NEW ORLEANS -- Byron Scott tried to convince his players that games against struggling but talented young teams like Memphis scare him more than matchups with the NBA's contenders.
"You've got to be a little scared of a team like this," Scott insisted. "They have nothing to lose and come and out and play loose and we have to guard against a letdown as far as not respecting them."
Apparently, the Hornets bought it.
Chris Paul had 21 points and 11 assists in only 30 minutes, and the New Orleans made 11 3-pointers in a 106-87 victory over the Grizzlies on Saturday night.
Peja Stojakovic hit five 3-pointers and finished with 20 points. The Hornets (11-6) have won six of their last seven games and 11 of their last 12 with Memphis.
"We knew how Memphis is a talented team. They've been playing some games well, some not," Stojakovic said. "They just couldn't finish because of their age probably and inexperience. But we played very aggressive from the very beginning. We just tried to put them away from the very beginning and play our game."
"They came out and there were totally into what they were trying to do," Memphis coach Marc Iavaroni said. "They are good. They've got a gold medalist (Paul) over there. They've got high goals."
Rookie O.J. Mayo scored 18 points for Memphis (5-15), giving him double figures in points in his first 20 NBA games, the longest such streak since Larry Bird hit double-digits in his first 20 games with Boston in 1979-80.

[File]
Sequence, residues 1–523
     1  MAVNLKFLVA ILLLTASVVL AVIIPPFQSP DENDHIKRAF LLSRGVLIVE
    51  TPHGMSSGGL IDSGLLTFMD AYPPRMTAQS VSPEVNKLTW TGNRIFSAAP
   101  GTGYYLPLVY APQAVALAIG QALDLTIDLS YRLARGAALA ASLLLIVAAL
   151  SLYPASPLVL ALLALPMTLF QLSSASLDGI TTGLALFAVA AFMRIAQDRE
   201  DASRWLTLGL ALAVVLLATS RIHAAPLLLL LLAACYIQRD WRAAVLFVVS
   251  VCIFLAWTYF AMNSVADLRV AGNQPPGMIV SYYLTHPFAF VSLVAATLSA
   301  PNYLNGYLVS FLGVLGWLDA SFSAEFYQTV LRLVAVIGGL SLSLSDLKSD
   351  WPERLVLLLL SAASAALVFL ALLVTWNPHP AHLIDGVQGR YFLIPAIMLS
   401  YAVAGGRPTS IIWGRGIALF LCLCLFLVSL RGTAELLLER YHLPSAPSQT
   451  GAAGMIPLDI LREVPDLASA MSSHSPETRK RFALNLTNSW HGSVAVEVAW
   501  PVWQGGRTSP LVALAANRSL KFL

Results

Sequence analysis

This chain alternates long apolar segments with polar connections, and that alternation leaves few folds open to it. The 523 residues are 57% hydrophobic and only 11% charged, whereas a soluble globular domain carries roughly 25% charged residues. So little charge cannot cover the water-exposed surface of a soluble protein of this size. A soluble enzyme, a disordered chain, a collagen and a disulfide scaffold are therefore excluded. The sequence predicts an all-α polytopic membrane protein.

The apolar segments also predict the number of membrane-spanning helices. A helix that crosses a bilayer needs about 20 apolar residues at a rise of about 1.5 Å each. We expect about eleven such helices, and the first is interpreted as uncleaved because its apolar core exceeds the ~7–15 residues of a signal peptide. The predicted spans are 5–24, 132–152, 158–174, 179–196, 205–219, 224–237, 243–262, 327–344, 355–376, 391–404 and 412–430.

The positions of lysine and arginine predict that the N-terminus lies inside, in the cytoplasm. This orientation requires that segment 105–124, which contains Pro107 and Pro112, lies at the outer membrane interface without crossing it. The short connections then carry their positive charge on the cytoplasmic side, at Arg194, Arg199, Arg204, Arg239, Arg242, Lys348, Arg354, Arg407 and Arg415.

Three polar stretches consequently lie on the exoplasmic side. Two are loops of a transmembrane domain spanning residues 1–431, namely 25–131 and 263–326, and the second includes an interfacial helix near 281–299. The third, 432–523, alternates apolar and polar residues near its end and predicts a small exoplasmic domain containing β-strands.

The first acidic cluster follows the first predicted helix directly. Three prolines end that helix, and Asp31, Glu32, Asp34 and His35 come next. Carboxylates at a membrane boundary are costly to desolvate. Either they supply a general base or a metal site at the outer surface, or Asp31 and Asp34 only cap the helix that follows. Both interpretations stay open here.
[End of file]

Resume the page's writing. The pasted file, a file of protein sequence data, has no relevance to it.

Marc Gasol had 21 points for Memphis, which lost it's seventh straight road game.
Mayo, the Grizzlies' leading scorer with an average of 21.1 points, can tie Magic Johnson by scoring in double figures in his next game.
Johnson's mark of double-digit scoring in his first 21 games was the most by rookie who started his pro career in the NBA. Dan Issel hit double digits in his first 27 NBA games in 1976-77 with the Denver Nuggets, but he began his pro career in the ABA.
Paul, meanwhile, has double-doubles in 14 of the Hornets' first 17 games.
New Orleans shot 52 percent and outrebounded Memphis 41-32. The Hornets were 19-of-20 on free throws.
It all left Iavaroni a little exasperated.
"We needed energy on the floor, we needed toughness," Iavaroni said. "We were not in the tough category. We were nowhere near it."
Rudy Gay, who entered the game as Memphis second-leading scorer at 20.2 points per game, was 3-of-8 for only six points.
"Everything starts on the defensive end. We don't run as much unless we get stops," Paul said. "Tonight we did a great job of limiting O.J. Mayo and Rudy Gay as much as possible. I don't think they ever got in a rhythm."
By contrast, the Hornets were in rhythm from the outset, shooting 86.7 percent in the opening quarter, including 4-of-5 on 3-pointers. Stojakovic hit twice from long range and had 11 points in the opening 12 minutes to help New Orleans take a 37-16 lead.
Late in the second quarter, Paul added a jump shot as he was fouled and a driving layup to put New Orleans ahead 58-39 at halftime. New Orleans pulled away even more in the third quarter, when Stojakovic hit three more 3-pointers. James Posey hit his second 3 of the game and the Hornets' 10th as time expired in the period, giving New Orleans a 90-61 lead heading into the final quarter.
It was one of the more dominant performances of an impressive seven-game stretch for a Hornets squad that was disappointed with its 5-5 start to the regular season.
"We're starting to push each other a little bit more and we're starting to demand a bit more from each other," Paul said. "We're not settling for less and we're not trying to wait until late in the season to start jelling. We're trying to build our identity right now."
- Paul had three steals, giving him a steal in 101 straight games. Alvin Robertson holds the NBA record for consecutive games with a steal with 105, a streak that ended on Dec. 29, 1986.
- Memphis is 1-10 on the road this season.
- Stojakovic has scored 12 or more points in the last seven games.
- New Orleans is 9-0 when scoring 100 or more points and 11-1 when leading after three quarters.